The teen males aren’t alone in being made to feel like freaks or kill joys if they’re not sexually active – teen girls and women in their 20s and beyond also get subjected to this pressure, ridicule, disbelief, etc.
These male teens I was discussing a moment ago would prefer to remain virgins, at least for awhile longer, but they don’t know how to fight the taunts and pressure from their peers to cave in and have sex.
From a female vantage point, I get sick and tired of married women, or chicks with BFs (boyfriends), assuming I want to steal their man. I’ve been a “goody two shoes” my whole life – I’d never break apart another couple. I’m actually the last woman you have to worry about trying to steal your sweetie. For a woman to behave as though I’m a potential “home wrekcer” has always been deeply insulting to me. (I probably have better morals than they do – which I say not to brag, but only to point out how hypocritical some people can be.)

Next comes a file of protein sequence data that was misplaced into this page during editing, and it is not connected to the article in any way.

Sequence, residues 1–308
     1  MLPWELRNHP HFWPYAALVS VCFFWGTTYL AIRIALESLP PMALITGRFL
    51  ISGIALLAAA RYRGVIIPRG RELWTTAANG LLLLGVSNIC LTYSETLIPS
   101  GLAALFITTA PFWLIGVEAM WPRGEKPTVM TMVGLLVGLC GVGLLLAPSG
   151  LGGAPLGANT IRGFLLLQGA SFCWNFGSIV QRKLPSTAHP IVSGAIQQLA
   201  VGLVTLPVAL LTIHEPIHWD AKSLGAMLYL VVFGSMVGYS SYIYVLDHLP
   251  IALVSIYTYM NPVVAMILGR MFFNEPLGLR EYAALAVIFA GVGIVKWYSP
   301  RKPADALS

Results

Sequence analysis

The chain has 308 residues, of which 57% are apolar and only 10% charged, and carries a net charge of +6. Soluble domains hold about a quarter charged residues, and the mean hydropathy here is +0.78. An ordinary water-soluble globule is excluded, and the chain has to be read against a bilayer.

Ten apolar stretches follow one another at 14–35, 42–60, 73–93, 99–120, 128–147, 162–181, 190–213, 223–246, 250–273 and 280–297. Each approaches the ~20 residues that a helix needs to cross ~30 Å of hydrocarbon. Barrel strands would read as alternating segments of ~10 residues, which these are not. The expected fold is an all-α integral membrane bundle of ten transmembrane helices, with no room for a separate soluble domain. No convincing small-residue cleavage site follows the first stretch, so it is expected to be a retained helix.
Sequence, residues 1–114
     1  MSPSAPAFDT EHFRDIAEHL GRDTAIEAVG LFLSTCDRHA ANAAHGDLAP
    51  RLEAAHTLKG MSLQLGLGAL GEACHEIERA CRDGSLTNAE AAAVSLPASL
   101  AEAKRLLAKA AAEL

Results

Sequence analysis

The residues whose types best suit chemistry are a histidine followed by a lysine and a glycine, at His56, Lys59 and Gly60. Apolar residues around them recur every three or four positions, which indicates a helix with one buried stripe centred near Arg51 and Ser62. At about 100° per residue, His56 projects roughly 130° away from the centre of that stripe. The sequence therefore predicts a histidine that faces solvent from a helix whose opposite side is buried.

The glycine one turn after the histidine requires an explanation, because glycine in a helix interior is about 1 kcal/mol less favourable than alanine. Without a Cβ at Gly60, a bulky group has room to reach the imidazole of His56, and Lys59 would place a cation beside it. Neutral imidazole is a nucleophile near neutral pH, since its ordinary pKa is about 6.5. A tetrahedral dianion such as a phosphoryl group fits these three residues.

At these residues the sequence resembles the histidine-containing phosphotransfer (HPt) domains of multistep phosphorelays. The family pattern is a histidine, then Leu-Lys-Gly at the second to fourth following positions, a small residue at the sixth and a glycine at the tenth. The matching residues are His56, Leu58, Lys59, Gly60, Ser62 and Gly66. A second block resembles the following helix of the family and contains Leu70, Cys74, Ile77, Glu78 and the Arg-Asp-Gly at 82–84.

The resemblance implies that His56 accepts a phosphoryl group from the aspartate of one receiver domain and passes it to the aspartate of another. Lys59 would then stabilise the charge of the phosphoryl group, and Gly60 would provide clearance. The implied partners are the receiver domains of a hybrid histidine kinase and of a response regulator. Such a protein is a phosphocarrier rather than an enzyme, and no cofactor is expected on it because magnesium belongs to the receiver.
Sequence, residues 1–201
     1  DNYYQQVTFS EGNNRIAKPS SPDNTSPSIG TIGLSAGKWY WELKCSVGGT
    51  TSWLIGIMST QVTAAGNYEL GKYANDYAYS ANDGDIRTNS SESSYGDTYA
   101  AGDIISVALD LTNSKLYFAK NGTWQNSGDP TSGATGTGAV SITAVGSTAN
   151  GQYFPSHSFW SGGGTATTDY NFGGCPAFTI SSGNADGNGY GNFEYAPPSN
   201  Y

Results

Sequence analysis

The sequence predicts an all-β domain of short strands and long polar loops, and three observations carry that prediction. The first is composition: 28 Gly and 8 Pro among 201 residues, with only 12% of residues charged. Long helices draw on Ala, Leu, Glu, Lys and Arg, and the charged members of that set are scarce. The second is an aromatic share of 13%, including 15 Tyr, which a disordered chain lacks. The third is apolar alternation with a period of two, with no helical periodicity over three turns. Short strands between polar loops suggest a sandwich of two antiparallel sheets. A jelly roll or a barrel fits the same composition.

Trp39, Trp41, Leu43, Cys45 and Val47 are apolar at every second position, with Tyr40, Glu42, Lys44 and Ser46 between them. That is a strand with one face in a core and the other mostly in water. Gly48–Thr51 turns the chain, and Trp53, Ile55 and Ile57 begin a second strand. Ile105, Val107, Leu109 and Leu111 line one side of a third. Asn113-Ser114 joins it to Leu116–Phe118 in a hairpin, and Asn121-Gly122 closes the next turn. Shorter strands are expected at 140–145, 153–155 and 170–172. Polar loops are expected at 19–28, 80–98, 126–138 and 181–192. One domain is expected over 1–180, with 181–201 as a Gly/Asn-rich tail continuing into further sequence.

Secondly, on the part of the man or the woman (for I’ve had married men assume I can’t wait to bed them, so they must keep their distance from me), I almost never find these men attractive….
(please click the “read more” link to read the rest of this post, thanks.)
I’m picky about what I consider “good looking.”
(Women, this includes Christian women, are “visual” too. Often, men being pigs about a woman’s physical appearance, being overly demanding and particular about a woman’s looks, as so many of them often are, is often excused on the flimsy basis – by Christians no less!- that “men are visual, and God wired them thusly, so if you are ugly and fat, don’t expect a boyfriend, ladies. Get your fat ugly ass to a gym today, and run the track, honey.”
I intend on making a new, separate blog post in the future on just this topic alone.
For now, I just wanted to point out that Christian women enjoy hot, sexy- looking men. We aren’t turned on by flab, beer guts, missing teeth, or body odor.